Dr. Nate Sutter
Office Rm# 225
Research Lab Rm# 102
Phone Extension: 2107
Dr. Sutter joined the Biology Department faculty in 2013.
Dr. Sutter earned a B. S. degree in Biology from La Sierra University in 1994. He completed a Ph.D. in Genetics in 2001 from the University of Washington and the Fred Hutchinson Cancer Research Center. In 2007 he completed his post-doctoral research training with Dr. Elaine Ostrander at the National Human Genome Research Institute, one of the National Institutes of Health in Bethesda, Maryland. Prior to accepting a position at La Sierra University in 2013 he was an Assistant Professor of Medical Genetics at Cornell University.
Current Research Interests
The Sutter lab investigates the genetic basis of evolutionary and phenotypic change in domestic mammals. Our broad goal is to understand how evolutionary forces, intense selection, drift and draft have altered the genomes of domestic mammal species and created a rich diversity in many complex traits such as body size and shape. For example, why do some dogs weigh two pounds while others weigh 200 pounds? To address these questions we have, with our collaborators, mapped quantitative trait loci contributing to size variation in both dogs and horses. We are also presently hunting for genes controlling rabbit body size variation. In a second series of experiments, we aim to characterize at genome scale the short interspersed elements (SINEs) resident in the genomes of dogs, horses and rabbits. We hypothesize that these “genome parasites” provide functional genetic variation upon which intense selection can act to enable rapid alteration in complex traits like size.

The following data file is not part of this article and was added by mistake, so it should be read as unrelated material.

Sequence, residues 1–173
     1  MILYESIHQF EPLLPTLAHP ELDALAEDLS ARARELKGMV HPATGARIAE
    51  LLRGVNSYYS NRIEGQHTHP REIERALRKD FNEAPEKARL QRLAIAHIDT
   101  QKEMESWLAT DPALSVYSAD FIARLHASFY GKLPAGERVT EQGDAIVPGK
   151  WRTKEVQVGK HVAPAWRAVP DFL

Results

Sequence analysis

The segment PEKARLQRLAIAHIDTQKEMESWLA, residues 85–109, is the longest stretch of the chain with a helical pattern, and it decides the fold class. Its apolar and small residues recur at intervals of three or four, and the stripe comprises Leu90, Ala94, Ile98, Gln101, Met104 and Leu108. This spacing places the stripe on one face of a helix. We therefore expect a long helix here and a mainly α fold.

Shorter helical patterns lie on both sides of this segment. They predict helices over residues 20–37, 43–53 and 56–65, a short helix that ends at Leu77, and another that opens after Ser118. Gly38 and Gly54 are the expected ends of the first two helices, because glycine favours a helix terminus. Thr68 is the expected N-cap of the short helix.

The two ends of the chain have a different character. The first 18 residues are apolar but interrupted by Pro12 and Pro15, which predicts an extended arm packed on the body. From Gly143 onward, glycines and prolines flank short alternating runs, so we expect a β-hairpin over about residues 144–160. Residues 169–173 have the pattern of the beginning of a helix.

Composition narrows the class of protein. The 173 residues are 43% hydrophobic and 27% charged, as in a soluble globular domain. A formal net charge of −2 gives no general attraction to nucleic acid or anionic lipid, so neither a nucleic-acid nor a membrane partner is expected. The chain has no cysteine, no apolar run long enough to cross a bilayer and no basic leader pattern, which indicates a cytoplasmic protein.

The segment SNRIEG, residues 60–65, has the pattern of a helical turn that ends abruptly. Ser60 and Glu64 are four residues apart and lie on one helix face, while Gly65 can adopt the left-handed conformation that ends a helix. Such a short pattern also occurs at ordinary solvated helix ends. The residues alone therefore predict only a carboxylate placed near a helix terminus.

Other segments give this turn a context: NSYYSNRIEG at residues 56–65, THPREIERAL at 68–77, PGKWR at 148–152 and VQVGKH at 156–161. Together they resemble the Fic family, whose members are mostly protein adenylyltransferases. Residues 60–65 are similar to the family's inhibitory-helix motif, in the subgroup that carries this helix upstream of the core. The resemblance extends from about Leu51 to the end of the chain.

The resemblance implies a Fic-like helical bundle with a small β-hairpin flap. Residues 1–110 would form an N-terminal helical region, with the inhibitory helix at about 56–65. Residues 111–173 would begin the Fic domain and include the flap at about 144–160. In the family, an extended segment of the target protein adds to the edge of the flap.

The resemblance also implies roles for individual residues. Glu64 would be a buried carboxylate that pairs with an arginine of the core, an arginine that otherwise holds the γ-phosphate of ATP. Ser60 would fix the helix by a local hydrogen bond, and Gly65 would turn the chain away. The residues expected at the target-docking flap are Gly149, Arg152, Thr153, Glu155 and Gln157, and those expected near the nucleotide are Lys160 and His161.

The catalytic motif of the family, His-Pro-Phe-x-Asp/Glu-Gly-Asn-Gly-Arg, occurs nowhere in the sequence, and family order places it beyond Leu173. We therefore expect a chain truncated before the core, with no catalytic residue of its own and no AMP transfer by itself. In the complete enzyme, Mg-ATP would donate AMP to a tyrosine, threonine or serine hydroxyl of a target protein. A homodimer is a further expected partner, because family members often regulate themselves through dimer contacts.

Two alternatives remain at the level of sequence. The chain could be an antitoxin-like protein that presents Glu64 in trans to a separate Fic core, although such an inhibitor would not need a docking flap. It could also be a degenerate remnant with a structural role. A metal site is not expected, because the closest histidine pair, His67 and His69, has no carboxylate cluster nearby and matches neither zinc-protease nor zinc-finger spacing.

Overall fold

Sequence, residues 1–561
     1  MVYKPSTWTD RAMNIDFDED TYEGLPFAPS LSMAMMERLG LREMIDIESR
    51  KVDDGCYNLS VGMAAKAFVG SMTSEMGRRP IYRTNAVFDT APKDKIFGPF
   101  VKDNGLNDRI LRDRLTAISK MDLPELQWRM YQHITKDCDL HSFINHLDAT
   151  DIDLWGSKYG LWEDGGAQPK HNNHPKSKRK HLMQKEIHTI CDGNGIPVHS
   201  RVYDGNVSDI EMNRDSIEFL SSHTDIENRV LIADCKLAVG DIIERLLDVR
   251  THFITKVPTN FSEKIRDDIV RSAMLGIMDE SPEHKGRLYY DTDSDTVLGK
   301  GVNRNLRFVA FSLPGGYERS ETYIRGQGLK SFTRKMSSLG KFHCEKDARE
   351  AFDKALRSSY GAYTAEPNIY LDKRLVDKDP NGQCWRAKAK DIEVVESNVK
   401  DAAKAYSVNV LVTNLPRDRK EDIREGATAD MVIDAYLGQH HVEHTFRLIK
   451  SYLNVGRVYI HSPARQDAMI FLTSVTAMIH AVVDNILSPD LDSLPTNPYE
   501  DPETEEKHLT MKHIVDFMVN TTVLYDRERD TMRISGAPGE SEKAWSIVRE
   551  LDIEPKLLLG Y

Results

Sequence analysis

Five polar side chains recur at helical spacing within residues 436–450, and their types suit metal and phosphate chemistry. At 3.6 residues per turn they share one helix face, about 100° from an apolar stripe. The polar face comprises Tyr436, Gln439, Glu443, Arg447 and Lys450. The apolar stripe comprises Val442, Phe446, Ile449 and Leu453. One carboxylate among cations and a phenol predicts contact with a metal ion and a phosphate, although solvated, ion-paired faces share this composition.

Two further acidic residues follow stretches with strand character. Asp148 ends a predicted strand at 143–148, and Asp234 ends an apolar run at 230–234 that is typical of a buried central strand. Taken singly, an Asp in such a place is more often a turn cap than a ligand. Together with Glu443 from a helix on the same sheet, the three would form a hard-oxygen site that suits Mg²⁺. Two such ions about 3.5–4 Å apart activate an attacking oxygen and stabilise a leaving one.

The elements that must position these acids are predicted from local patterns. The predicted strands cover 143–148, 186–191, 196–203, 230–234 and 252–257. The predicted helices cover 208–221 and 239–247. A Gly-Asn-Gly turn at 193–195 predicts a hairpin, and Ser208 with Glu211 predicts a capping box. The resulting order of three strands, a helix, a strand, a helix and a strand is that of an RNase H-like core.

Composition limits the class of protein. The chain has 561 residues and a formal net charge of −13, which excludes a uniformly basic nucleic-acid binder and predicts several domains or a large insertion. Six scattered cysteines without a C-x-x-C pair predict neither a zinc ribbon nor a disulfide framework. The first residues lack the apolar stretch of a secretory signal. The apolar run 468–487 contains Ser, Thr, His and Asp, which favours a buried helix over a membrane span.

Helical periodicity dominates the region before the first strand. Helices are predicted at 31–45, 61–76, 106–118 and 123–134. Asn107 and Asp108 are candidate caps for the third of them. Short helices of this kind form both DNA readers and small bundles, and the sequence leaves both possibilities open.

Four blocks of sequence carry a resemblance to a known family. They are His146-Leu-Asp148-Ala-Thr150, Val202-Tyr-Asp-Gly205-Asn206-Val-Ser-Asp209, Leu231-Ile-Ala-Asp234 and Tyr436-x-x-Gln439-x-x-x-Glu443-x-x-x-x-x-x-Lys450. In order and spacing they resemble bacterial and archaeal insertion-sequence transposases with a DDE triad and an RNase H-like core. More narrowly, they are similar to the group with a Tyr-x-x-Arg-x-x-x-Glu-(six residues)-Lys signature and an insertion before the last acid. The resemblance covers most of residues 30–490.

Dr. Sutter teaches General Biology 111, Genetics and Bioinformatics.
Membership and Affiliations
Dr. Sutter collaborates with laboratories at Cornell University and elsewhere.